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3.1.2 The repository shall have a Preservation Strategic Plan that defines the approach the repository will take in the long-term support of itsmission.

Supporting Text

This is necessary in order to help the repository make administrative decisions, shape policies and allocate resources in order to successfully preserve its holdings.

Examples of Ways the Repository can Demonstrate it is Meeting this Requirement

Preservation Strategic Plan, meeting minutes, documentation of administrative decisions which have been made.

Discussion

The strategic plan should be based on the organization’s established mission, and on its defined values, vision and goals. Strategic plans typically cover a particular finite time period, normally in the 3-5 year range.

The repository shall have an appropriate, formal succession plan, contingency plans, and/or escrow arrangements in place in case the repository ceases to operate or the governing or funding institution substantially changes its scope.

Supporting Text

This is necessary in order to preserve the information content entrusted to the repository handing it on to another custodian in the case that the repository ceases to operate.

Examples of Ways the Repository can Demonstrate it is Meeting this Requirement

Written and credible succession and contingency plan(s); explicit and specific statement documenting the intent to ensure continuity of the repository, and the steps taken and to be taken to ensure continuity; formal documents describing exit strategies and contingency plans; escrow of critical code, software, and metadata sufficient to enable reconstitution of the repository and its content with a trusted, independent agent or entity that is authorized to maintain and provide access to same in the event of repository failure; escrow and/or reserve funds set aside for contingencies; explicit agreements with successor organizations documenting the intent to ensure continuity of the repository, and the measures to be taken to ensure the complete and formal transfer of responsibility for the repository’s digital content and related assets, and granting the requisite rights necessary to ensure continuity of the content and repository services; documents outlining crisis management plans, disaster plans, business continuity plan etc); depositor agreements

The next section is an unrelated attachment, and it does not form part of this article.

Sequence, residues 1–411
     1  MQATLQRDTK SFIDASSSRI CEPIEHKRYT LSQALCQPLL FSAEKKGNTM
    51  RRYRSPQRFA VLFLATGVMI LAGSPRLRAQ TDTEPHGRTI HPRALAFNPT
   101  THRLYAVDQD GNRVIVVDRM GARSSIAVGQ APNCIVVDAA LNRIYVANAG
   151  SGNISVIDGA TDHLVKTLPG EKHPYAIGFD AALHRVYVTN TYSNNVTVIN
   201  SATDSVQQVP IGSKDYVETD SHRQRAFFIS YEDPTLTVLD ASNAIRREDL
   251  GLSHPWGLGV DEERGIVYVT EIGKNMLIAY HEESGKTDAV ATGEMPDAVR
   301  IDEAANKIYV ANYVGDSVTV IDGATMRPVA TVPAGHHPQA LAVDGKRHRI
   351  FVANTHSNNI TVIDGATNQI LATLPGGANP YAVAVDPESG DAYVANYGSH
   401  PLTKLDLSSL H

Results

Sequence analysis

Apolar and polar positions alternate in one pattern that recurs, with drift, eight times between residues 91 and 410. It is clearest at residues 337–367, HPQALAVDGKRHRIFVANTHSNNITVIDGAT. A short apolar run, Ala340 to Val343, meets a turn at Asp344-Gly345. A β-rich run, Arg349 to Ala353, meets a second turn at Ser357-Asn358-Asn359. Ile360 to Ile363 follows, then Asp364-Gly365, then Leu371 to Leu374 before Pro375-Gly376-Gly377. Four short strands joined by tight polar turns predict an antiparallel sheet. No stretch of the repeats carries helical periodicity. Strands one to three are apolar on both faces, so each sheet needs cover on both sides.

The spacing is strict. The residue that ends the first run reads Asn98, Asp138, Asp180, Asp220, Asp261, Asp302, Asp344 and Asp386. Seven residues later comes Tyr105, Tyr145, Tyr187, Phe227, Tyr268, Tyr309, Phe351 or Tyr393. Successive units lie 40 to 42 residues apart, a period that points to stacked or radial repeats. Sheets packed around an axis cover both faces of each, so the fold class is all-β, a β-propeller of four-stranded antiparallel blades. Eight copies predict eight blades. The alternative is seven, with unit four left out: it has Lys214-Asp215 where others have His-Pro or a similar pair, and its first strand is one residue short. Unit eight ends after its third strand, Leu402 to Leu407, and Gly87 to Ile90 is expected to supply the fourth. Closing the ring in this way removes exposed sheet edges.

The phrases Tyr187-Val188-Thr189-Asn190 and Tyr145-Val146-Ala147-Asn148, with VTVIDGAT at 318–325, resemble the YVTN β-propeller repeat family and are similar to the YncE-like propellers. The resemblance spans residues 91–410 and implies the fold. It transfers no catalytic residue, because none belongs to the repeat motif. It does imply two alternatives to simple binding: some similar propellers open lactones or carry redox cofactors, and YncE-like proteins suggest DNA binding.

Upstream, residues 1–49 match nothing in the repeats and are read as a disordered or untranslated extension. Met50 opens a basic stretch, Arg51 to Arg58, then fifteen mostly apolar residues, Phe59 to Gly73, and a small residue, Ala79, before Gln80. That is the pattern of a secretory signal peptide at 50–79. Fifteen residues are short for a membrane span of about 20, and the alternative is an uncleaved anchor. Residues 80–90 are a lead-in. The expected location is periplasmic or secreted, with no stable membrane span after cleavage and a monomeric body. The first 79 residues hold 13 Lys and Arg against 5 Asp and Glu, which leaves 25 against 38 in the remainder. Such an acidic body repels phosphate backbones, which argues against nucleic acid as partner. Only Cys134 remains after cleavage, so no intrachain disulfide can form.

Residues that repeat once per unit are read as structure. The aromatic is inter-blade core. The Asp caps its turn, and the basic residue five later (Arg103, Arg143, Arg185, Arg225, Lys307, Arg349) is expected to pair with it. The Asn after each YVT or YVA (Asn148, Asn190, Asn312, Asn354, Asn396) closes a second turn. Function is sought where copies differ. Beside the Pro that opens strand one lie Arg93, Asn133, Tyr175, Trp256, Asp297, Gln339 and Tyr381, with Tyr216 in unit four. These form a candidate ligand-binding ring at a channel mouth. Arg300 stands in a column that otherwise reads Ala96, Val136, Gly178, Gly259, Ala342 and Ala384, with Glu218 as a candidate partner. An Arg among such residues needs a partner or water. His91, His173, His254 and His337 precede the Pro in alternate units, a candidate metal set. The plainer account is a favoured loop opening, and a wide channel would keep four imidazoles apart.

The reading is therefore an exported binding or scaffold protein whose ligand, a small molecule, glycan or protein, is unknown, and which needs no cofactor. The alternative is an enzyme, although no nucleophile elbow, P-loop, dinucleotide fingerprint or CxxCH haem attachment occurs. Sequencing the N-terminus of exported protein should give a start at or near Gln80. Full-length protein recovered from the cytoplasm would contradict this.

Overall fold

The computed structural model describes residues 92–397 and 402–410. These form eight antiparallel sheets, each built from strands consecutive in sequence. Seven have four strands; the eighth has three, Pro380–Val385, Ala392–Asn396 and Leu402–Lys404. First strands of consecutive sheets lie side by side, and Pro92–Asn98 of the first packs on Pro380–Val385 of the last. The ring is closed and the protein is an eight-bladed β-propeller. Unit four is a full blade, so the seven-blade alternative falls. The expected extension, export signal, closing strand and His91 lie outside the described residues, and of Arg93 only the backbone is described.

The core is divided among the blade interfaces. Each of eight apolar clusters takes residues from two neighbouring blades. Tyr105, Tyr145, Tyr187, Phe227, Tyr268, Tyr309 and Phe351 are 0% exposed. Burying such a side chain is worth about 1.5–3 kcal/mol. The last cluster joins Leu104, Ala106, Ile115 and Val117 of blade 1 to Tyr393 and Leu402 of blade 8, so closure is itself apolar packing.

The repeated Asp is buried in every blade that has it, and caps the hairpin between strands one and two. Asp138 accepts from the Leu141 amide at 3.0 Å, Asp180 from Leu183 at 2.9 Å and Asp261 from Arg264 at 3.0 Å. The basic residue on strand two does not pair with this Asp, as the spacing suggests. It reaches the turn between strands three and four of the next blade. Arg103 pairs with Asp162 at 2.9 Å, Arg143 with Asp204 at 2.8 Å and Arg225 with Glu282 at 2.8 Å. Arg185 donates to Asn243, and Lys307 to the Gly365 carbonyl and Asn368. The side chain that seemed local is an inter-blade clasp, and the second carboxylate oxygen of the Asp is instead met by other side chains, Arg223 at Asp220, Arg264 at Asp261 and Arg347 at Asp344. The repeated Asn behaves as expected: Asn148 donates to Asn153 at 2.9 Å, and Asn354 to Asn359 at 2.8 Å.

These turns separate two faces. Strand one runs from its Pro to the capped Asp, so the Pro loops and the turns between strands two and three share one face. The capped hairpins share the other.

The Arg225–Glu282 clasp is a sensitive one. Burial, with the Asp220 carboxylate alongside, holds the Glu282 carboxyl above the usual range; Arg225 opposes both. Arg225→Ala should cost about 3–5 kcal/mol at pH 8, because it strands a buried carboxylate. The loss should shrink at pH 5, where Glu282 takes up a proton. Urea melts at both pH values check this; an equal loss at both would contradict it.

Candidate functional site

Discussion

A repository's failure threatens the long-term sustainability of a repository’s information content. It is not sufficient for the repository to have an informal plan or policy regarding where its data goes should a failure occur. A formal plan with identified procedures needs to be in place.

1.1.1.2       The repository shall monitor its organizational environment to determine when to execute its formal succession plan, contingency plans, and/or escrow arrangements

Supporting Text

This is necessary in order to ensure that the repository can recognize when it is necessary to execute those plans.

Examples of Ways the Repository can Demonstrate it is Meeting this Requirement

Administrative policies, procedures, protocols, requirements; budgets and financial analysis documents; fiscal calendars; business plan(s); any evidence of active monitoring and preparedness.

Discussion

Even with effective business planning procedures in place, any repository with long-term commitments will likely face some kind of resource gap at some point.  If the repository cannot bridge these gaps its viability is threatened. As an answer to funding gaps, repositories may show how they plan to bridge funding gaps.  These commitments may come from the repository itself or parent organizations, as applicable. A formal succession plan often includes an adequate insurance buffer as a first and hopefully effective line of defense.  This obviates the need to invoke a succession plan except in extreme situations, such as the repository ceasing operations permanently.

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